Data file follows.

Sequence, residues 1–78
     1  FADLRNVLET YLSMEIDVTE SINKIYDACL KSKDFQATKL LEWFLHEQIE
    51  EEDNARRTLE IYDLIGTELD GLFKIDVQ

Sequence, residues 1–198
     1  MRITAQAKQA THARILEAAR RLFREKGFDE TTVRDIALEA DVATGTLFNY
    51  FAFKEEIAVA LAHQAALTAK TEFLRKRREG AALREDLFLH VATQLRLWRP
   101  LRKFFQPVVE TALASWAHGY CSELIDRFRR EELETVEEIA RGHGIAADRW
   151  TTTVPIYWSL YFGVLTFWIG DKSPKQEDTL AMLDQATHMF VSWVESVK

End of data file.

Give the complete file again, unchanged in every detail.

Sequence, residues 1–78
     1  FADLRNVLET YLSMEIDVTE SINKIYDACL KSKDFQATKL LEWFLHEQIE
    51  EEDNARRTLE IYDLIGTELD GLFKIDVQ

Sequence, residues 1–198
     1  MRITAQAKQA THARILEAAR RLFREKGFDE TTVRDIALEA DVATGTLFNY
    51  FAFKEEIAVA LAHQAALTAK TEFLRKRREG AALREDLFLH VATQLRLWRP
   101  LRKFFQPVVE TALASWAHGY CSELIDRFRR EELETVEEIA RGHGIAADRW
   151  TTTVPIYWSL YFGVLTFWIG DKSPKQEDTL AMLDQATHMF VSWVESVK